New $400K grant aims to help ID digital diagnostic markers in ALS
2-year award from nonprofits seeks to improve early detection of ALS
A new two-year, $400,000 grant will support studies — by EverythingALS and the Sean M. Healey and AMG Center for ALS at Massachusetts General Hospital (MGH) — aimed at identifying early digital diagnostic markers in amyotrophic lateral sclerosis (ALS).
The award, from ALS Finding a Cure and the ALS Association, is backing the development of the NeuroLens Digital Diagnostics program. A diverse and multidisciplinary research partnership, NeuroLens seeks to remotely monitor presymptomatic ALS gene carriers — individuals at a high genetic risk for developing the neurodegenerative disorder who are not yet showing any of its signs.
The overarching goal is to spot early signs and symptoms of ALS, ensuring patients receive a definite diagnosis and ALS treatment as soon as is possible, which has the potential to improve outcomes. On average, an ALS diagnosis now takes 12 to 18 months.
“We’re thrilled to launch the NeuroLens digital diagnostics initiative and the grassroots efforts to build and strengthen the ALS community and encourage collaboration across groups working toward the shared goal of finding early diagnosis of this devastating disease,” Indu Navar, EverythingALS founder, said in a press release.
“This open source organizing model for ALS could be transformational as we can share data and collaborate with thousands of researchers and AI engineers. This brings hope to the ALS community and their loved ones who are tackling enormous challenges and hoping for movement and momentum,” Navar added.
Seeking diagnostic markers to track ALS gene carriers, family members
The novel diagnostics program is a decentralized and open innovation platform to remotely and continuously monitor gene carriers and their blood relatives who are at high risk of developing the progressive disorder but don’t yet have symptoms.
Globally, the gene carriers and family members will be monitored digitally — no doctor visits are necessary — with the help of sensors that assess functional changes in daily activities such as climbing and walking, and in speech and cognition. Videos will be used to capture subtle facial changes that can accompany ALS development.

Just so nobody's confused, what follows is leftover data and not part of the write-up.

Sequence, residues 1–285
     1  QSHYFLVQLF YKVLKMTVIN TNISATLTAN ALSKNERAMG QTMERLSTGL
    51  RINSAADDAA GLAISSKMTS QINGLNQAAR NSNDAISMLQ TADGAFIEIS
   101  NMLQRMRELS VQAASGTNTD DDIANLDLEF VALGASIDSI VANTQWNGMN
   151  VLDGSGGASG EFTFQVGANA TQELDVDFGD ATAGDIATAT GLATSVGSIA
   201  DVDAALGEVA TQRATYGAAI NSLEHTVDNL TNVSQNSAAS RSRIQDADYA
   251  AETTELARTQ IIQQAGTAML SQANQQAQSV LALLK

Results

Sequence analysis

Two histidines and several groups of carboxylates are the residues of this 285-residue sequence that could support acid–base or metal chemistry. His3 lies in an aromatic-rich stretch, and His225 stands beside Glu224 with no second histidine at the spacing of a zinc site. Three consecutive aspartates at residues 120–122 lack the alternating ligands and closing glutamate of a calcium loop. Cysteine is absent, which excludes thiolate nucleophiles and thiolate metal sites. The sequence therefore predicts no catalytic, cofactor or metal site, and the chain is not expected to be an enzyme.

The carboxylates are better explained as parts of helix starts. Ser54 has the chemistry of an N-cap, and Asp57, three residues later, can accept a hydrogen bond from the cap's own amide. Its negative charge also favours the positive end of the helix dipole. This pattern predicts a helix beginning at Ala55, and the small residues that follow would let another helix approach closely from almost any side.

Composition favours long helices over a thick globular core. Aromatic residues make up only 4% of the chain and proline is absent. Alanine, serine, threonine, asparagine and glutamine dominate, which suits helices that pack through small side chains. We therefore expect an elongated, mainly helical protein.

The scientists then will use data derived from this monitoring to try to identify early diagnostic markers.
Remote monitoring using digital sensors offers a solution to identify individuals around the world with early signs of ALS who could then be referred for evaluation by an ALS specialist. This work will have a very real impact and accelerate the research being conducted by our team at MGH and others.
The open innovation concept aims to spur progress among researchers, artificial intelligence engineers, and neurologists to find early digital diagnostic markers to promote early therapeutic intervention as well as family planning.
“A key barrier in early diagnosis for ALS is that at-risk individuals may be located far from specialized academic neurology centers and traveling for regular in-person examinations may be burdensome,” said Mark Garret, MD, director of DIALS and PREVENT ALS at MGH, two programs studying people with ALS-associated mutations.
“Remote monitoring using digital sensors offers a solution to identify individuals around the world with early signs of ALS who could then be referred for evaluation by an ALS specialist. This work will have a very real impact and accelerate the research being conducted by our team at MGH and others,” Garret added.
Scientists interested in participating in the initiative, or who seek more information, may send an email to [email protected].
EverythingALS is a citizen-led nonprofit research organization that seeks to transform ALS through artificial intelligence and machine learning. Founded in 2014 by philanthropist Leandro P. Rizzuto, ALS Finding a Cure supports scientific efforts to end ALS.